Rachel was Yaakov’s most beloved wife and was the principal of his household and thus the principal of the entire house of Israel. She passed away on the 11th of Cheshvan which is 41 days from Rosh Hashanah (the beginning of the year). 41 is the numerical value of the Hebrew word “Eim,” which means “mother,” thus the 11th of Cheshvan is truly the Jewish Mother’s Day.
Yet on closer inspection we might ask, why is it that one of the most influential Mothers of our people is not buried together with the other great forbearers in the MeArat Hamachpela? Why is it that Rachel doesn’t seem to merit being buried with her husband Yaakov?
The Torah tells us that when Yaakov first met Rachel he cried out.
Rashi explains that his cry was due to the fact that he realised that he would not be buried with her.
Married life is spent with the intention not only of building a physical world, but also of building a spiritual world together. Yaakov foresaw what seemed to him to be a future interruption to that spirituality, a cause for concern and distress.
Yet later on in life, when Yaakov was about to pass away, he called for his son Yosef – the Viceroy of Egypt, and asked that his body be transported to Eretz Yisrael and buried with his forefathers in MeArat Hamachpela.
Yaakov was worried that Yosef might be upset at the fact that Rachel (Yosef’s mother) was buried on the way to Bet Lechem and not in the MeArat Hamachpela.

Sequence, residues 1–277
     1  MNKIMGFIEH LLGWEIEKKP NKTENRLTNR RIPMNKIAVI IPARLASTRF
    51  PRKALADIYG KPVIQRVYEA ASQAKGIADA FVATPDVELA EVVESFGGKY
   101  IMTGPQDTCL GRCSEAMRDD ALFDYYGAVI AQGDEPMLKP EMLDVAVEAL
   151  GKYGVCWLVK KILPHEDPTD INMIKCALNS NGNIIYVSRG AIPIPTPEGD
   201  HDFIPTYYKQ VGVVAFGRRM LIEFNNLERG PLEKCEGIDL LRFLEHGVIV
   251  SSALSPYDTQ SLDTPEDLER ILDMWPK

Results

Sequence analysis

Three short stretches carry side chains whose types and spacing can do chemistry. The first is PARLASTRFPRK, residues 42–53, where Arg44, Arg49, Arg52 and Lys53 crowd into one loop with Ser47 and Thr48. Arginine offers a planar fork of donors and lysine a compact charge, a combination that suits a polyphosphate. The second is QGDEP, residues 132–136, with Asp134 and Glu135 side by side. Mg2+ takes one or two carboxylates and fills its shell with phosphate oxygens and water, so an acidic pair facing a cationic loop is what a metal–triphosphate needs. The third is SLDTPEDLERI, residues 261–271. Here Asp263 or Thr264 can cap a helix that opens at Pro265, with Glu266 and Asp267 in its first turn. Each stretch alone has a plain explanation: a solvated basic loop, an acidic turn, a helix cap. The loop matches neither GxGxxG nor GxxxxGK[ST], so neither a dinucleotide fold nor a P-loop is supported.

Yaakov calms Yosef’s fears and tells him that the reason he buried her there, was as Rashi explains, Al Pi Hadibur – due to Hashem commanding that she be buried there.
In the future her merit would stand for the exiled Jews that would go through that location out of Israel. It was imperative that she be buried there, in order to help the future generations.
There seems to be a contradiction. Was Rachel buried on the way as a punishment, or as a reward?
Let us take a closer look into the Parasha.
One day Reuven came back from the field holding some Dudaim he had found.
The Ibn Ezra and others state that the Dudaim were known to be a fertility aid.
Rachel saw this and asked Leah for the Dudaim. In exchange she offered that Leah could spend that night (which was her designated night) with Yaakov.
Seforno comments that this transaction showed how much Rachel really wanted to have children. Her need wasn’t like every mother’s desire to have children, rather Rachel knew the destiny of Am Yisrael. She knew that 12 G-dly tribes were to descend from Yaakov. The question was, who would be the Mother of all, or some of these 12.
She tried hard to have children, but when she saw nothing was happening and Reuven came back with Dudaim, she saw this as a sign, perhaps this was the best Hishtadlut she should do.
Rashi (v15) comments that because Rachel ‘Zilzela’- abused the ability to be with Yaakov, she never merited being buried alongside him.
Yet there is a deeper meaning to this Rashi.
The greatest connection in the world is between a husband and wife.
Her love for Yaakov was solid. She appreciated him, and enjoyed every moment with him. She knew that a person gains a great deal by being close to a Tsadik (Yaakov); every second spent in the vicinity of the Tsadik would enhance her personal spirituality. Nevertheless, when it came to the decision of whether to trade off the Dudaim for one night with Yaakov, she decided to go for the Dudaim.